The Language of the Senses: Sensory-Perceptual Dynamics in Wordsworth, Coleridge, Thoreau, Whitman, and Dickinson

McGill-Queen's University Press

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In this stimulating and original analysis of some of the most important nineteenth-century English poets, Kerry McSweeney offers an alternative to non-referential and New Historicist critical methods.

McSweeney discusses the sensory acuity that informs the finest achievements of Wordsworth, Coleridge, Thoreau, Whitman, and Dickinson and which, when blunted by illness or age, contributes to an attenuation of their creative power. He supplies a "sensory profile" or sensory history for each author and through close readings shows how this profile affected their relationship to the external world and their powers of symbolic perception.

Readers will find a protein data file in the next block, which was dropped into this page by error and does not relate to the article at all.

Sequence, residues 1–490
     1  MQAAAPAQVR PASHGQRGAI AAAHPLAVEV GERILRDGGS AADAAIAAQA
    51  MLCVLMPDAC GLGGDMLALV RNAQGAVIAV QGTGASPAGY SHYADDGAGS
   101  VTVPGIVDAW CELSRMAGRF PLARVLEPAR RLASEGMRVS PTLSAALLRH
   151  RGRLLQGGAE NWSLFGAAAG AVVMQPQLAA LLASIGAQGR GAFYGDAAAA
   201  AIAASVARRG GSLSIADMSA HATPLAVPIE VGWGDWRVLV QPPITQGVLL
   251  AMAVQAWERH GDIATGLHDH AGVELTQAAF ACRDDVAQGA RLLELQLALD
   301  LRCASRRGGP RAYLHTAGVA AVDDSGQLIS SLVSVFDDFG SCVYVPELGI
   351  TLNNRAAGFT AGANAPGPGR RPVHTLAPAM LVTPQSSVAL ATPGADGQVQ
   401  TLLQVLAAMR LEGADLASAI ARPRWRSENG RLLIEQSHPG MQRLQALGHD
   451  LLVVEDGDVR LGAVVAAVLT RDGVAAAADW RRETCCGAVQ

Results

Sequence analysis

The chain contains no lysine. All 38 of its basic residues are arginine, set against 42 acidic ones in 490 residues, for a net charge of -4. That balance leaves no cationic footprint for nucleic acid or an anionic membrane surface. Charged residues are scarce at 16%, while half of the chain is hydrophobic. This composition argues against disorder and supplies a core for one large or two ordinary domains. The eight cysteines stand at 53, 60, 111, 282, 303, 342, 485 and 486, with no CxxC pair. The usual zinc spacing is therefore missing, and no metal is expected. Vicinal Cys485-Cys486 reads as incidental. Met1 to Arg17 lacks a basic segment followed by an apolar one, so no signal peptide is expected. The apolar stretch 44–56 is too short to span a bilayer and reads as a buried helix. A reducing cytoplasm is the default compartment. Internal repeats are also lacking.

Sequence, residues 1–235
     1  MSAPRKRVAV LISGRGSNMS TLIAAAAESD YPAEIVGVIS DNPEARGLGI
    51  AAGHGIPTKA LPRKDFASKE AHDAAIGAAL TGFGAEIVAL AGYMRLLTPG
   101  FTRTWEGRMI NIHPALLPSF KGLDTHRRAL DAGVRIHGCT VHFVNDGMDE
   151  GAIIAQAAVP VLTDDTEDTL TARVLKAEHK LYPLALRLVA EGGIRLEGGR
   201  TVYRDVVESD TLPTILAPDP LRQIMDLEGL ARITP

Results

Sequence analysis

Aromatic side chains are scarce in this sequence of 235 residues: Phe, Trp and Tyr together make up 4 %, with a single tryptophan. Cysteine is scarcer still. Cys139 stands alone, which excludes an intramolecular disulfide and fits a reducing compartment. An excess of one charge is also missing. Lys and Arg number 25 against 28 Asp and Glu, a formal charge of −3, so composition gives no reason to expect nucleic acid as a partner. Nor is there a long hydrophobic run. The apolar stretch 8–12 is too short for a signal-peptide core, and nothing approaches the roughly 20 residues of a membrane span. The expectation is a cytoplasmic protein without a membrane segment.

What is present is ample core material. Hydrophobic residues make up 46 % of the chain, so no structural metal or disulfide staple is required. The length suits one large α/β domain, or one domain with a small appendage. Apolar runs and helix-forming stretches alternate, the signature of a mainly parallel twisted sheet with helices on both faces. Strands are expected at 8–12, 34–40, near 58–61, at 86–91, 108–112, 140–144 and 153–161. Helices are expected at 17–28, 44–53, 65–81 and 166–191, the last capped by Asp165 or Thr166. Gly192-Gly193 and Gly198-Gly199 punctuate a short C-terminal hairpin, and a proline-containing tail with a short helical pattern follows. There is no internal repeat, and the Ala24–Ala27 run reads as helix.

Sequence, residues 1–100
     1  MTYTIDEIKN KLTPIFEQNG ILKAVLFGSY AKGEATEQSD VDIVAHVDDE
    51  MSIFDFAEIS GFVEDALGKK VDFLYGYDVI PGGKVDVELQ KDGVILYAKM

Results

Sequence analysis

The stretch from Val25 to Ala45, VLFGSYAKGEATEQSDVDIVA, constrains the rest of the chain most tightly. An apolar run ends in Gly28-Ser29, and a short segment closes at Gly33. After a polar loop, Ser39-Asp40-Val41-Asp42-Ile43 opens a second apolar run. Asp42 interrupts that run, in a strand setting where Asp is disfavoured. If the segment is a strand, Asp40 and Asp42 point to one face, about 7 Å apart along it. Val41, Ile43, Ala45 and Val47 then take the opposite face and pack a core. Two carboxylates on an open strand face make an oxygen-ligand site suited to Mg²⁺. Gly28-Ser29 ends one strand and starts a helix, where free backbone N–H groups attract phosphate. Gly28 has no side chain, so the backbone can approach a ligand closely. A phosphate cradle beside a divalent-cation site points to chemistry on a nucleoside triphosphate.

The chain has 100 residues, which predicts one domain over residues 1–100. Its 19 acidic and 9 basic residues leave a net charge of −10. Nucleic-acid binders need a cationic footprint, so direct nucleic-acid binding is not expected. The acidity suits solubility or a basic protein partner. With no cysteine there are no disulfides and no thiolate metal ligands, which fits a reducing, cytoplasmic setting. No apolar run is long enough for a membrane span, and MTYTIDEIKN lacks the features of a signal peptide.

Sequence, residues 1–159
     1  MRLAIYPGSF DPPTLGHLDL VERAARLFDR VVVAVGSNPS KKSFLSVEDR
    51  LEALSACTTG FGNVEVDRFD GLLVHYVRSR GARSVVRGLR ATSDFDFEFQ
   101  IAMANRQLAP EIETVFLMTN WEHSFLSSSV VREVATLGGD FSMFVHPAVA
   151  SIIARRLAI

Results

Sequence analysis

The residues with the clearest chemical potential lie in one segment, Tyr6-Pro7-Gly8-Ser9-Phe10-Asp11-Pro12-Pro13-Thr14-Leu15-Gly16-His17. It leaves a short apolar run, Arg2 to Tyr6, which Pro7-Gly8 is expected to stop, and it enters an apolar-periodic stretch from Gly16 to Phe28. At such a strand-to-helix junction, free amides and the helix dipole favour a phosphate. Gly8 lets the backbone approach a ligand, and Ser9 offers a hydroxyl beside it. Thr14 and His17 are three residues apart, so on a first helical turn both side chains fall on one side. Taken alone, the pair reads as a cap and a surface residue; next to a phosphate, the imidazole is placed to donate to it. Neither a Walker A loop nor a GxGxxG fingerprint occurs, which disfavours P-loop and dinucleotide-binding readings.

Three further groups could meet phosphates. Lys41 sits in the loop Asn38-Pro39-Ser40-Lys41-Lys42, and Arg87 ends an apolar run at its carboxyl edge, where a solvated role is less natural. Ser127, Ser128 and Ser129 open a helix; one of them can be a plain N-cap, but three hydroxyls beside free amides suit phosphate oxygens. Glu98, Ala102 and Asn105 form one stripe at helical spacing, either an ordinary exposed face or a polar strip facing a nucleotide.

Using perspectives gleaned from the poets themselves and an understanding of the physiological ground of perception, McSweeney establishes a compelling theoretical basis for his approach. In clear and elegant prose, he studies the physical basis for aesthetic plenitude -- such as the sensory manifold of synaesthesia -- not only in the Romantic writers studied but also in two Victorian poets, Hopkins and Tennyson.


Year published: 1998
Pages: 208
Literary analysis
Imprint: McGill-Queen's University Press

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